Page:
Monthly Archives: May 2015

Daily Whitman


The Sleepers

  I see a beautiful gigantic swimmer swimming naked through the eddies
      of the sea,
  His brown hair lies close and even to his head, he strikes out with
      courageous arms, he urges himself with his legs,
  I see his white body, I see his undaunted eyes,
  I hate the swift-running eddies that would dash him head-foremost on
      the rocks.

  What are you doing you ruffianly red-trickled waves?
  Will you kill the courageous giant? will you kill him in the prime
      of his middle age?

  Steady and long he struggles,
  He is baffled, bang'd, bruis'd, he holds out while his strength
      holds out,
  The slapping eddies are spotted with his blood, they bear him away,
      they roll him, swing him, turn him,
  His beautiful body is borne in the circling eddies, it is
      continually bruis'd on rocks,
  Swiftly and ought of sight is borne the brave corpse.

Daily Whitman


The Sleepers

  I descend my western course, my sinews are flaccid,
  Perfume and youth course through me and I am their wake.

  It is my face yellow and wrinkled instead of the old woman's,
  I sit low in a straw-bottom chair and carefully darn my grandson's

  It is I too, the sleepless widow looking out on the winter midnight,
  I see the sparkles of starshine on the icy and pallid earth.

  A shroud I see and I am the shroud, I wrap a body and lie in the coffin,
  It is dark here under ground, it is not evil or pain here, it is
      blank here, for reasons.

  (It seems to me that every thing in the light and air ought to be happy,
  Whoever is not in his coffin and the dark grave let him know he has enough.)

Daily Whitman



The Sleepers

  I wander all night in my vision,
  Stepping with light feet, swiftly and noiselessly stepping and stopping,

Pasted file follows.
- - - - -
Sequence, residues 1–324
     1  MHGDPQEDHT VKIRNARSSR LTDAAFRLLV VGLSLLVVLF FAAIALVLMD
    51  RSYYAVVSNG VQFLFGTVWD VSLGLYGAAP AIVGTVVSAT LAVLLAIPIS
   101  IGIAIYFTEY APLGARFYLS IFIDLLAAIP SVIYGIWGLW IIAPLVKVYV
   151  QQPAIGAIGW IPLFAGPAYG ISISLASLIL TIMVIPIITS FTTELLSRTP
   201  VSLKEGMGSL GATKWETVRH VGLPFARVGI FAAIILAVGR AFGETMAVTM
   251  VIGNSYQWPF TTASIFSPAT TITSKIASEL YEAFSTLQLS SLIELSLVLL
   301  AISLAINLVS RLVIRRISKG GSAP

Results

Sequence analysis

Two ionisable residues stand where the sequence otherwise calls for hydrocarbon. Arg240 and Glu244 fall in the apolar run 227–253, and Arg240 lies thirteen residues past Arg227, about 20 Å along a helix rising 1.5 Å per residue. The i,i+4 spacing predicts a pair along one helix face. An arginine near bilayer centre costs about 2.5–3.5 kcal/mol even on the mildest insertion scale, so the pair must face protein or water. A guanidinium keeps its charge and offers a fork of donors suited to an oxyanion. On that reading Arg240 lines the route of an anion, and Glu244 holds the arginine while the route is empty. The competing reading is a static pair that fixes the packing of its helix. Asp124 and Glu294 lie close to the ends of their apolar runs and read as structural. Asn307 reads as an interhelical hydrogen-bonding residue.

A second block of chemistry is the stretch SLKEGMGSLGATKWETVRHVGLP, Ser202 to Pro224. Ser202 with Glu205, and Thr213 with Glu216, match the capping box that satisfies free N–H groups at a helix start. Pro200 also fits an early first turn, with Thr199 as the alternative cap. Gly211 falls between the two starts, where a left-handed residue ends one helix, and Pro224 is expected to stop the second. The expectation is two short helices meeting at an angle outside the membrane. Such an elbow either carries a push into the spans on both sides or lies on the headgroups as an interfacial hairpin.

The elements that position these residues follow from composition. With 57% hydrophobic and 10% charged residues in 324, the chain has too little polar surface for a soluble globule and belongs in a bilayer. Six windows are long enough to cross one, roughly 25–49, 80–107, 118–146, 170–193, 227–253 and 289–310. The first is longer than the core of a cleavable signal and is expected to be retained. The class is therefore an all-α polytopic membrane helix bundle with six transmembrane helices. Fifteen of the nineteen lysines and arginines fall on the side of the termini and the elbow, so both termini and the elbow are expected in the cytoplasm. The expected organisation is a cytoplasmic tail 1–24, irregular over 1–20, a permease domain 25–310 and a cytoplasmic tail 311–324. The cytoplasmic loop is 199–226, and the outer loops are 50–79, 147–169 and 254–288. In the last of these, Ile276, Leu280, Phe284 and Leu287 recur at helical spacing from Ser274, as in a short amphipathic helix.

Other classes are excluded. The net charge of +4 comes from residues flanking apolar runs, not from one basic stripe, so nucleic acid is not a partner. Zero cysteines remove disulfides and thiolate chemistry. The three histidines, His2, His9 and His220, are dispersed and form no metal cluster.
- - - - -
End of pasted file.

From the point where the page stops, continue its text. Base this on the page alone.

Bending with open eyes over the shut eyes of sleepers,
  Wandering and confused, lost to myself, ill-assorted, contradictory,
  Pausing, gazing, bending, and stopping.

  How solemn they look there, stretch'd and still,
  How quiet they breathe, the little children in their cradles.

  The wretched features of ennuyes, the white features of corpses, the
      livid faces of drunkards, the sick-gray faces of onanists,
  The gash'd bodies on battle-fields, the insane in their
      strong-door'd rooms, the sacred idiots, the new-born emerging
      from gates, and the dying emerging from gates,
  The night pervades them and infolds them.

  The married couple sleep calmly in their bed, he with his palm on
      the hip of the wife, and she with her palm on the hip of the husband,
  The sisters sleep lovingly side by side in their bed,
  The men sleep lovingly side by side in theirs,
  And the mother sleeps with her little child carefully wrapt.

  The blind sleep, and the deaf and dumb sleep,
  The prisoner sleeps well in the prison, the runaway son sleeps,
  The murderer that is to be hung next day, how does he sleep?
  And the murder'd person, how does he sleep?

  The female that loves unrequited sleeps,
  And the male that loves unrequited sleeps,
  The head of the money-maker that plotted all day sleeps,
  And the enraged and treacherous dispositions, all, all sleep.

  I stand in the dark with drooping eyes by the worst-suffering and
      the most restless,
  I pass my hands soothingly to and fro a few inches from them,
  The restless sink in their beds, they fitfully sleep.

  Now I pierce the darkness, new beings appear,
  The earth recedes from me into the night,
  I saw that it was beautiful, and I see that what is not the earth is

  I go from bedside to bedside, I sleep close with the other sleepers
      each in turn,
  I dream in my dream all the dreams of the other dreamers,
  And I become the other dreamers.

  I am a dance—play up there! the fit is whirling me fast!

  I am the ever-laughing—it is new moon and twilight,
  I see the hiding of douceurs, I see nimble ghosts whichever way look,
  Cache and cache again deep in the ground and sea, and where it is
      neither ground nor sea.

  Well do they do their jobs those journeymen divine,
  Only from me can they hide nothing, and would not if they could,
  I reckon I am their boss and they make me a pet besides,
  And surround me and lead me and run ahead when I walk,
  To lift their cunning covers to signify me with stretch'd arms, and
      resume the way;
  Onward we move, a gay gang of blackguards! with mirth-shouting
      music and wild-flapping pennants of joy!

  I am the actor, the actress, the voter, the politician,
  The emigrant and the exile, the criminal that stood in the box,
  He who has been famous and he who shall be famous after to-day,
  The stammerer, the well-form'd person, the wasted or feeble person.

  I am she who adorn'd herself and folded her hair expectantly,